Tuesday, December 20, 2011
Stryper have always been a band who has hovered above the clouds playing songs in the name of the Almighty. Their “God”-like anthems and Christian ideals are worn on their sleeves. After 25 years of being the most successful Christian metal group; the band decided to descend below the clouds for a covers album celebrating the bands they grew up listening to while putting the Stryper flavor on it.
The opener “Set Me Free” is a fast one and Michael Sweet shows his vocal chops with a blistering scream at the end. The Yellow and Black Attack are not mailing in these performances as the fluid guitar solos in the middle enhance the song originally performed by Sweet. I also find this cover superior than the one Heathen performed on their first album.
Undertaking a song like “Heaven and Hell” is no easy task, but Stryper give their take on the classic with a fast solo section at the end on the song and a heavenly performance by Sweet on the vocal front. The song also retains its brooding atmosphere in the middle, with the slow buildup to the climax of the song. This cover is perfectly executed, especially because the perfect heaviness and drone of the guitars.
Another cover that was enjoyable were “Highway Star” with Sweet showcasing his vocal range and altering the verse notes a bit. The middle section sounds just as good as when Deep Purple penned this ode to driving and Stryper gives the song its due nailing the rhythmic changes in the song. The Van Halen song “On Fire” lets Oz Fox show his shredding duties by drooping the awesome guitar solo in the middle. While the band did not change much with “Carry on Wayward Son”; the vocal performance is majestic and the lyrics also fit the ideals Stryper promotes.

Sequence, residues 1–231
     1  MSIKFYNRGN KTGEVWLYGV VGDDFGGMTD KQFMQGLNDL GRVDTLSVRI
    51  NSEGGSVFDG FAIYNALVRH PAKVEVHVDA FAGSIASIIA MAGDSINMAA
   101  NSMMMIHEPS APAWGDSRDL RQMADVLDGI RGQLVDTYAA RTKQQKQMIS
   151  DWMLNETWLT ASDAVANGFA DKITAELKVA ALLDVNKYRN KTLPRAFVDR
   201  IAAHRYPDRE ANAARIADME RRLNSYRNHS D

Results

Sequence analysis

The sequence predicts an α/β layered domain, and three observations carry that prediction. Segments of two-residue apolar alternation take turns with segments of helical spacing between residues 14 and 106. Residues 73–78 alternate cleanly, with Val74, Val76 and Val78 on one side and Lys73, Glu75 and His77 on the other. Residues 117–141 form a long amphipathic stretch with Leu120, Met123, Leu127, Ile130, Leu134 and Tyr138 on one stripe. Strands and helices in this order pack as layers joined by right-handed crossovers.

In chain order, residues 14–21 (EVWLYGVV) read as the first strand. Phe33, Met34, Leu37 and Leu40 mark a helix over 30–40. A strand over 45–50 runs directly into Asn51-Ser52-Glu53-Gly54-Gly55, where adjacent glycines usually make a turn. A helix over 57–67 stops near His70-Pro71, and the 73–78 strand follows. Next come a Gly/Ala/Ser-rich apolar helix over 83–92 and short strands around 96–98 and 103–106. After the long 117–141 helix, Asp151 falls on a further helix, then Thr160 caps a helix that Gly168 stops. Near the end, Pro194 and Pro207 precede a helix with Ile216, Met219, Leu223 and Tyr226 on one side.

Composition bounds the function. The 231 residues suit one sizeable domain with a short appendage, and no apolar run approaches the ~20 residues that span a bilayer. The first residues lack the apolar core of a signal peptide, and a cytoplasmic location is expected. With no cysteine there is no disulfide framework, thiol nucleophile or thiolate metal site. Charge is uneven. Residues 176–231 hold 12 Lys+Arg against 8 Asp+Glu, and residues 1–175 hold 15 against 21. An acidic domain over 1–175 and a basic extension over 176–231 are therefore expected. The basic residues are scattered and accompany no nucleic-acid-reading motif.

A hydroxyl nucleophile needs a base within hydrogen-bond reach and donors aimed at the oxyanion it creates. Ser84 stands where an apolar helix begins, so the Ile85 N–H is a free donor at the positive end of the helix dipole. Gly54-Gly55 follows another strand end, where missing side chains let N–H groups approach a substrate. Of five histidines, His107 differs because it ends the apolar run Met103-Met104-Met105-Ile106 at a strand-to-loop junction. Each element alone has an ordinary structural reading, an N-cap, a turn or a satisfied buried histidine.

Unfortunately all covers are not created equal, and the covers of “Blackout” from everybody’s favorite Germans, and “Over the Mountain” from Ozzy Osbourne fall below the mark. For whatever reason, the boys decided to slow the tempo down of both songs and they both do more of a chugging then running along like the originals. These two were very disappointing efforts, but at least they had the glass shatter at the end of “Blackout.” A final failure is “Breaking the Law.” I wish they would have picked another Priest song to tackle because this is the cliché Priest song to cover and of course they do it. It is well performed, but the conviction in Sweet’s voice is missing like when Rob Halford yells “You don’t know what’s like.” Stryper then does it again with “Immigrant Song” from Led Zeppelin. Again, it is a fine performance, but they should have tried something else.
All is forgiven though with the final song on the album. This is the one original song found here and it is simply titled “God.” This track is the highlight as it is filled with soaring vocals, catchy verse lines and desperation in the chorus that is very exciting. The fast, double solo in the middle adds icing to the cake as this song harkens back to “Soldiers Under Command.” I can only hope this is where the band is heading with its future releases.
“The Covering” is a solid covers album that is worth checking out. “Set Me Free” and “Heaven and Hell” are wonderful renditions of two classic tracks. The performances themselves are fantastic and the one original song found on here might be the best song they have written in years. With this album, Stryper not only prove they have a lot left to offer, but that angels sometimes need a slice of hell too.